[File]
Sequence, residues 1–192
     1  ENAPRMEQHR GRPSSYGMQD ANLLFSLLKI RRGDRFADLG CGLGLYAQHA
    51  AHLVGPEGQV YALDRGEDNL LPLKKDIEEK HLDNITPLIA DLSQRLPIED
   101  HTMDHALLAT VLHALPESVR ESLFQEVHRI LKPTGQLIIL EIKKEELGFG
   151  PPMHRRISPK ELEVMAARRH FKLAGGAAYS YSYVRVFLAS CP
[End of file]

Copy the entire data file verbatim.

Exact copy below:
Sequence, residues 1–192
     1  ENAPRMEQHR GRPSSYGMQD ANLLFSLLKI RRGDRFADLG CGLGLYAQHA
    51  AHLVGPEGQV YALDRGEDNL LPLKKDIEEK HLDNITPLIA DLSQRLPIED
   101  HTMDHALLAT VLHALPESVR ESLFQEVHRI LKPTGQLIIL EIKKEELGFG
   151  PPMHRRISPK ELEVMAARRH FKLAGGAAYS YSYVRVFLAS CP